Pope Francis, the Engels-loving commissar of the Catholic Church, has once again stood proud tradition on its head by refusing to take a summer vacation.
Unlike many of his fellow popes, going all the way back to my man Urban VIII (1623-1649), Francis has decided to embrace the chilly Protestant tradition of toiling without cease until the sweet release of the grave.
That means he won’t spend any time this summer at Castel Gandolfo, the tumbledown cottage with cramped but comfy rooms that’s full of gently mildewing beach books, maintained by the Vatican as a papal summer share since the days when it was a normal thing to execute people for witchcraft. Shamelessly shaming his siesta-seeking co-reilgionists, the newly Genevan pontiff will instead spend the golden months of the summer hunkered down at his office, anxiously going over the papal finances and trying to land the big Johnson account before Mr. Dithers gives him a pink slip.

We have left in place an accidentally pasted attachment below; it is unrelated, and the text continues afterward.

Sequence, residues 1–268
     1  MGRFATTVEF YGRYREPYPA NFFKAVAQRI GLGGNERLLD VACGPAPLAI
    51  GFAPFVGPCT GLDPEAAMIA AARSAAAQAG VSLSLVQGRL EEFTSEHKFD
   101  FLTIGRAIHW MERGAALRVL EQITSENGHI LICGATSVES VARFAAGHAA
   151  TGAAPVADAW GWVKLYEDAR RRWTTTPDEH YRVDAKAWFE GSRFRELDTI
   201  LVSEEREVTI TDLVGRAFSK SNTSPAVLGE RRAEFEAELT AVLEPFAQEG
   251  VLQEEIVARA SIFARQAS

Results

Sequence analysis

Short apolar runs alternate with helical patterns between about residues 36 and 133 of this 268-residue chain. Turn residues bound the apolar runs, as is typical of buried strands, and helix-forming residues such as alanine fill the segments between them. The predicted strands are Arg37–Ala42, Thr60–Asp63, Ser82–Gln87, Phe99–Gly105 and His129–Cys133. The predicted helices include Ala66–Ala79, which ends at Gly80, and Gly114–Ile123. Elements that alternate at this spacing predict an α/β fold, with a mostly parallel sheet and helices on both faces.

To make it even clearer that he has shunned the comfortable existence of a bishop of Rome for the drab furniture and theology-inspired workaholism of the Reformed Church, Francis is not even staying in the cushy papal domicile:
“Francis, who as Archbishop of Buenos Aires didn’t take any summer holidays, will continue living in the Domus Santa Marta, the modern Vatican guesthouse where he has set up his headquarters, shunning the Renaissance glory of the papal apartments.”
The effect this will have on the Excommunicators, the Vatican’s feared summertime beach volleyball team, was not immediately apparent at press time.